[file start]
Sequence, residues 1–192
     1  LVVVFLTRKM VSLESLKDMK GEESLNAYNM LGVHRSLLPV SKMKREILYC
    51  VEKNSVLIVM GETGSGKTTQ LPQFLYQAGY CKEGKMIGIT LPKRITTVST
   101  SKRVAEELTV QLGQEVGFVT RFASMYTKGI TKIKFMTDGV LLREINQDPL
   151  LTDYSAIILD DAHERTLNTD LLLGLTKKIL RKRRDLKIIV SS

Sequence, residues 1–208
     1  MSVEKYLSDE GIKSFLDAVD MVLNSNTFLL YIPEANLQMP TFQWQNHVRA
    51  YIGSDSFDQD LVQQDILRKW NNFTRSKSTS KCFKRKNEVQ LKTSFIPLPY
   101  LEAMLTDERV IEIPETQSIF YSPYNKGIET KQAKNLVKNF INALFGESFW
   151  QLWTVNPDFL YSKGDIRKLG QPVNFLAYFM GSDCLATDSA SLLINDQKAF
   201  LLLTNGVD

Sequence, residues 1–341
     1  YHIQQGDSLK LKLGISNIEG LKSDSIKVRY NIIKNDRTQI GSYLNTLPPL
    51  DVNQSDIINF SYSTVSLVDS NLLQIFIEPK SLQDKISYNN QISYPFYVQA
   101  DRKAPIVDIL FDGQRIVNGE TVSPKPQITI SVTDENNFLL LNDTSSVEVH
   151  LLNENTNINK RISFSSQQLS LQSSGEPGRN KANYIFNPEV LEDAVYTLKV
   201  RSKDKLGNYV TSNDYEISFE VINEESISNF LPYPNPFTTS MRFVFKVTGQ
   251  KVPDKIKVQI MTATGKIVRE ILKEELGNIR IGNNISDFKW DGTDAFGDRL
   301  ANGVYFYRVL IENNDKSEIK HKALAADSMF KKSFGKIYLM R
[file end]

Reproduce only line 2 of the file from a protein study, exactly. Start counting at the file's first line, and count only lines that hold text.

     1  LVVVFLTRKM VSLESLKDMK GEESLNAYNM LGVHRSLLPV SKMKREILYC